Take a look: South African farmers have built the first floating solar park in Africa
- Western Cape farmers have built Africa’s first commercial floating solar park – it now let’s them tackle load shedding and drought.
- It can produce up to 60 kilowatts of energy and prevents evaporation.
- The farmers say they can no longer afford to rely on Eskom to supply power.
Western Cape farmers have built Africa’s first commercial floating solar park – it now let’s them tackle load shedding and drought. They say it’s a better investment than a new orchard.
Found on the picturesque farm Marlenique Estate, just outside of Franschhoek, the floating solar park can produce 60 kilowatts of energy. The fruit farm is run by one of the oldest family businesses in South Africa, that stretches back generations.
This generation’s owner, Carl van der Merwe, is hellbent on sustainability.
He says the farm cannot afford to rely on Eskom to supply power. So they invested in solar power to keep the lights on and run their operations: that’s everything from irrigation pumps to packaging fruit for exports.
With the rising costs of farming, and the impact of the drought, Van der Merwe said building a floating solar park was a far better investment than investing in planting a new orchard.
“Our input costs and direct production cost escalates more than our sales (revenue) per year, therefore, to be sustainable we need to focus on keeping the running and direct cost as low as possible,” said Van der Merwe.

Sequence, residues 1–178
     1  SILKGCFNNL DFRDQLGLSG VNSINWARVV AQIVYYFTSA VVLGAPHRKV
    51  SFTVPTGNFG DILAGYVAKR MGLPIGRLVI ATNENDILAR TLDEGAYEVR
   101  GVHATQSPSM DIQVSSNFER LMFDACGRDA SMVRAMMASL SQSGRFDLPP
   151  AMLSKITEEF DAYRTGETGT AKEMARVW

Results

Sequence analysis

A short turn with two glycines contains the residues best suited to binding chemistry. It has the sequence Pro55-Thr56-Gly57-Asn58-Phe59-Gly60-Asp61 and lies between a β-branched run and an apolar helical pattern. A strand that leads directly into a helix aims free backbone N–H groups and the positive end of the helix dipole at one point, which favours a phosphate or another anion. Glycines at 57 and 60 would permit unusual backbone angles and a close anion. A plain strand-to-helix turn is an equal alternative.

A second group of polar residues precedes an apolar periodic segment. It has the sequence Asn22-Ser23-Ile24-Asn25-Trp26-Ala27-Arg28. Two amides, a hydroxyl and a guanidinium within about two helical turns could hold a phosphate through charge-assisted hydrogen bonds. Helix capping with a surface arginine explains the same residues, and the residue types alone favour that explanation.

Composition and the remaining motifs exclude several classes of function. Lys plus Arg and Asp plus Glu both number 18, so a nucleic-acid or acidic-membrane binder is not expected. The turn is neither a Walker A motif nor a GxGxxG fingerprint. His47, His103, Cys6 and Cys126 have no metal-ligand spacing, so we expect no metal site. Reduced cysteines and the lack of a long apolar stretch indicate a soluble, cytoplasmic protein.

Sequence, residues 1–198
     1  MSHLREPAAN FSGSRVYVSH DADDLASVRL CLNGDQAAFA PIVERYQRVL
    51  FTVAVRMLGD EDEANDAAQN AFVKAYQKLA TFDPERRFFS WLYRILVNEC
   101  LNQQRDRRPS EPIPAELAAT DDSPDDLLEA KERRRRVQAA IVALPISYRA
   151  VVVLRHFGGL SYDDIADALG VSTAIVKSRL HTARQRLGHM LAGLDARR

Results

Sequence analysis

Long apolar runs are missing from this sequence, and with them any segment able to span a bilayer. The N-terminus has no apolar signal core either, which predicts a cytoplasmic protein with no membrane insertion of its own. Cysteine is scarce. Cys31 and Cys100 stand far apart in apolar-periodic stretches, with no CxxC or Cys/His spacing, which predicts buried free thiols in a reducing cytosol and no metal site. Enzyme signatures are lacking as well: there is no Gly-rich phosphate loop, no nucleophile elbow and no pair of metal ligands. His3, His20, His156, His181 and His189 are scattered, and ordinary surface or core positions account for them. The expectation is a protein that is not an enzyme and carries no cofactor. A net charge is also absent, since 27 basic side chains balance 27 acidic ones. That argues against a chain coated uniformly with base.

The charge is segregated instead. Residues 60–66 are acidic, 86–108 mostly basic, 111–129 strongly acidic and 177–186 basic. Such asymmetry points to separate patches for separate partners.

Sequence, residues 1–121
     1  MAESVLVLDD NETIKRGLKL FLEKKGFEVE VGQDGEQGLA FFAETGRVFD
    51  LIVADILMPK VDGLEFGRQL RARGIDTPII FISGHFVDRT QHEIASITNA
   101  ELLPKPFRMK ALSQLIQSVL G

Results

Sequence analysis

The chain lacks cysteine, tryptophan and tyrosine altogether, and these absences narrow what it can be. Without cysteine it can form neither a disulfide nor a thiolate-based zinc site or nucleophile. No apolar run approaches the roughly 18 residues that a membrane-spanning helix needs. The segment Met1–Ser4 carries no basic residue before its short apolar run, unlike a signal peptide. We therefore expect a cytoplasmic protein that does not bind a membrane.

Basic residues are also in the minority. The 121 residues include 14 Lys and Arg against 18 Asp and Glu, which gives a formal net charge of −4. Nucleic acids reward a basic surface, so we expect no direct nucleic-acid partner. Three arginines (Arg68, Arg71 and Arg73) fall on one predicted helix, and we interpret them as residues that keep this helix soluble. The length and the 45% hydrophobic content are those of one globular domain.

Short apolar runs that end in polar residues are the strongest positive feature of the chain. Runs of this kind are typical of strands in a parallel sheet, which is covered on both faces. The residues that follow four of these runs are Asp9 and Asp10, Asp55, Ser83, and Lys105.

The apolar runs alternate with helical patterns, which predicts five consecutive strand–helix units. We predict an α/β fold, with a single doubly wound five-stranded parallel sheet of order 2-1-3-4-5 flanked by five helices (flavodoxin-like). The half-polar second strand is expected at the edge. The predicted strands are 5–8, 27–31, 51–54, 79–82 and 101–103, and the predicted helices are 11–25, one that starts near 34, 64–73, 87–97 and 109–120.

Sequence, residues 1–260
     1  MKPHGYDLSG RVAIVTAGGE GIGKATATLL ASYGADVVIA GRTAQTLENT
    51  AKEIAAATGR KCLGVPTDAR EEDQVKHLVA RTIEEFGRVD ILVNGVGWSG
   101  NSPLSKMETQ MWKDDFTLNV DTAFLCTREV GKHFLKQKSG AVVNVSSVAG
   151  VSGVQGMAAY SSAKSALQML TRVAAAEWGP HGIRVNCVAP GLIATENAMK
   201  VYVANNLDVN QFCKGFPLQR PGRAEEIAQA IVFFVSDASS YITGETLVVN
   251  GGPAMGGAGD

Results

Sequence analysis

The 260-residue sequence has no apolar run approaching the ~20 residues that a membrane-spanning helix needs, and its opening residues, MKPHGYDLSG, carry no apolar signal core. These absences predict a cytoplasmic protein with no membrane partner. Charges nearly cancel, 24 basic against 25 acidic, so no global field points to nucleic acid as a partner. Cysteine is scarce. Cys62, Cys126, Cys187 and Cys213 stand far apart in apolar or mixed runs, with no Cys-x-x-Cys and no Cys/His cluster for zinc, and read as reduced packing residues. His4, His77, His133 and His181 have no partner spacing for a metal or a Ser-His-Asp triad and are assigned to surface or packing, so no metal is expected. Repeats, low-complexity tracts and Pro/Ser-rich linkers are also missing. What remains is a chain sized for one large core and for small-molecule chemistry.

The floating solar park was built by renewable energy company, New Southern Energy (NSE). The company has made a name for itself by building off-the-grid power stations for high-end luxury game farms across Africa and on top of shopping malls.
“Due to rising energy prices and a high energy demand from its cold storage, irrigation and venue facilities, a microgrid system provided the best long-term solution for the farm,” said David Masureik, NSE CEO.
Here's what it looks like:
The floating park acts as a buffer from the sun, reducing evaporation of the dam water.
The floats, surprisingly, have become a haven for the animals in the dam, acting like an artificial reef of sorts. According to Masureik, fish now use them for cover. Birds also are using it as a perching spot, which means they have to clean a lot bird poo off to keep the panels clean.
The team have found that having it on the water improves performance of the parts. The water acts like a cooling system, as opposed to panels on dry dusty land.
Key to its success are the Hydrelio float mechanisms, sourced from Floating Solar who are the local distributor of its makers, Ciel et Terre.
The floats are made from High-density polyethylene which is recyclable. They are highly resistant to UV exposure and corrosion with a 20+ year lifespan, and therefore don’t contaminate the water they are on.
Next door to the floating park is a much larger solar park. This was built on unused land that produces an additional 534 kilowatts at its peak.
In total both solar parks will reduce their carbon footprint by more than 50 %, said Van der Merwe.
The park is built with a backup generator to run the internal grid in the event of power outages.
The farmers are also looking to the future and have installed the infrastructure to allow for a battery system to be installed during the second phase of the project. This will take them completely off-grid.
The project was financed through Nedbank Agriculture with the savings from the system allowing the farm to operate cash-flow positive from day one, while paying the asset off over 10 years. The structure of the payment is flexible and can be adjusted according to whether the farm has a productive or lean year.
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